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SALT LAKE CITY — The Jazz have their fill-in for Carlos Boozer, a prized piece that cost them two future first-round draft choices and a former first-round pick — Kosta Koufos — as part of a two-team trade made official Tuesday night.

How big man Al Jefferson — Mississippi native, former Minnesota Timberwolf and new Deron Williams beneficiary — will fit into a Utah lineup that already includes Paul Millsap and Mehmet Okur is a puzzle for another day.

"With Memo, with Paul — we'll have to see where we're at," Jazz coach Jerry Sloan, reluctant to envision a starting lineup for the 2010-11 NBA season, said by phone from his Illinois farm. "It's way too early to tell how we'll work him in."

For now, the Jazz coach is content reveling in the reality that Utah has a bona fide inside presence who can help Millsap pick up where two-time NBA All-Star Boozer — free-agent defector to Chicago — left off.

Jazz general manager Kevin O'Connor calls the 25-year-old power forward/center "one of the better low-post players in the NBA," a 6-foot-10, 265-pound load who averaged 20.1 points, 10.4 rebounds and 1.4 blocks in three seasons with Minnesota.

"After losing Boozer, I didn't know," Sloan said. "But I know Kevin worked his butt off to get a player of this caliber, and he certainly gives us a chance to compete."

Jefferson spent his first three NBA seasons with Boston, then was traded in 2007 as a centerpiece of the package that persuaded the Timberwolves to give former NBA MVP Kevin Garnet. In 2008-09 he averaged 11.0 rebounds and a career-high 23.1 points — adding his name to those of only Garnett, Tim Duncan, Shaquille O'Neal and Chris Webber on the list of players who've averaged 23-plus points and more than 11 rebounds per game in a single season over the last 10 years.

"The other thing we like," O'Connor said, "is the fact that he's 25 years old ... but he's somebody that's been around."

Jefferson, though, does arrive with some blemishes.

His defense is said to be no better than that of Boozer's, whose own was oft-criticized during a six-year Utah stay.

He's still on probation following a February drunk-driving incident, something O'Connor said represented "the first time he ever really had an issue."

Perhaps most concerning: Jefferson's '08-09 season was limited to 50 games by an ACL knee tear requiring reconstructive surgery.

Before the trade is technically consummated and the Jazz formally introduce him later this week, Jefferson must take a physical exam.

But O'Connor — buoyed by averages of 17.1 points and 9.3 rebounds in 76 games last season, with none missed due to the knee — is confident he'll pass.

"We expect him to be better next year than he was this year," the GM said, "but the fact he played every game this year on a team that struggled really says something about him."

O'Connor and Jefferson spoke Tuesday.

"I said, 'You know, the only thing we really concern ourselves our with here is winning,' and 'How can you help us win?' " O'Connor said. "And I said, 'That's gonna be a role that you're gonna have to play into. We've had players come through here and they've accepted that role and excelled, and we've had some players that haven't and they've struggled.'"

Jefferson's response? "He's excited," O'Connor said. "He expressed to me that he thought it was a great opportunity."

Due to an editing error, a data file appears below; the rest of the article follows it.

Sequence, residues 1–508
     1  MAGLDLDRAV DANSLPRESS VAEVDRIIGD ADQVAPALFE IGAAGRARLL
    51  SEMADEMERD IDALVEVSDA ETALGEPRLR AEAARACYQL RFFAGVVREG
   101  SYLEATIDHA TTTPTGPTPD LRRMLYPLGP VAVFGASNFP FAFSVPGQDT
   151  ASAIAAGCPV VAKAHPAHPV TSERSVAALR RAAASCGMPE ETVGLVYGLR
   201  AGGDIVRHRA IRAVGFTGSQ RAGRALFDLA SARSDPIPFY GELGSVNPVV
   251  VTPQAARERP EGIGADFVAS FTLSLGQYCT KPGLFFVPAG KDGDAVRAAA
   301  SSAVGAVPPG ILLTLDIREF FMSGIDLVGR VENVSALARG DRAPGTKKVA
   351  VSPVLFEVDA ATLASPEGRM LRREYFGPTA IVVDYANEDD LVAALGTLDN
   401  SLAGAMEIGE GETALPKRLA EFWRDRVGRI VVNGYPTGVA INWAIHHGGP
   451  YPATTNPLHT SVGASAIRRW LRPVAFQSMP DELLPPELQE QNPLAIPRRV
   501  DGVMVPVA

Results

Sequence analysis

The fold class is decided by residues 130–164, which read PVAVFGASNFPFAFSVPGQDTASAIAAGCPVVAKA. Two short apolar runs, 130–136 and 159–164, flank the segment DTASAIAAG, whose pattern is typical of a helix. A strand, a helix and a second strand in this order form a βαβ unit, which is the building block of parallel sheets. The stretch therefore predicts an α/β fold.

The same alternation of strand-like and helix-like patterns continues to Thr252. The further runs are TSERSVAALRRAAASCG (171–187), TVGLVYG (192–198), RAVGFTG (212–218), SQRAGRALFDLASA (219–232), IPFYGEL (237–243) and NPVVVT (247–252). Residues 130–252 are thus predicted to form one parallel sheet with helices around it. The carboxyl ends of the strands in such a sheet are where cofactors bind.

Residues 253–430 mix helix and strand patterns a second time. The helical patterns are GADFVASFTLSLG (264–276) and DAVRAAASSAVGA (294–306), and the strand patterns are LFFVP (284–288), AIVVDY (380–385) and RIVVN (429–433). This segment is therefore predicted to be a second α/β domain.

O'Connor said the Jazz spoke with Minnesota about Jefferson before last February's trade deadline, and again before last month's NBA Draft.

Discussions heated up Monday, though, after the Timberwolves recently acquired Miami power forward Michael Beasley and their weekend trade talks with Dallas about Jefferson fell apart.

Moving Jefferson accommodated his trade request.

"Al is motivated to have a career-defining season and I recognize the Jazz will be the recipients of that, not us," Timberwolves basketball boss David Kahn said in a statement from the team. "I expect him to help Utah immensely. However, this trade was made in the best interests of not only Al, but also us.

"With the arrival of (Beasley), it would have been difficult to play Al the kind of minutes he deserves without jeopardizing the development of both Kevin Love and (Beasley)."

To absorb Jefferson's salary, which includes $13 million next season and $42 million over the next three, Utah used the $14 million traded player exception (TPE) it recently acquired when Boozer went to Chicago on a sign-and-trade.

Minnesota now has a $13 million TPE.

To make the trade, the Jazz also had to part with two picks.

One, acquired from Memphis in a February trade that Ronnie Brewer to the Grizzlies, is lottery-protected next season and has protection extending to No. 9 in 2015 before a $3 million cash payment must be conveyed.

The other, Utah's own, is at least top-10 protected for the next three years.

The Jazz also gave up 2008 first-rounder Kosta Koufos, a seldom-used big man who'll make $1.3 million next season. O'Connor lauded Koufos' recent improvement, but dealing him affords Utah a small degree of luxury-tax relief. Moreover, O'Connor said, "we felt we had too many at that position now."

It's unknown if Minnesota will keep Koufos.

But it is believed Jefferson's arrival won't alter Utah's plan for re-signing backup center Kyrylo Fesenko.

Getting Jefferson, though, is something O'Connor considers a "relief" — especially with Okur's status early next season uncertain following offseason surgery to repair a torn Achilles.

"(Okur)," O'Connor said, "is going to have a tough time getting back into prime shape right away."

And that, at least for starters, could make a certain decision for Sloan decidedly easier.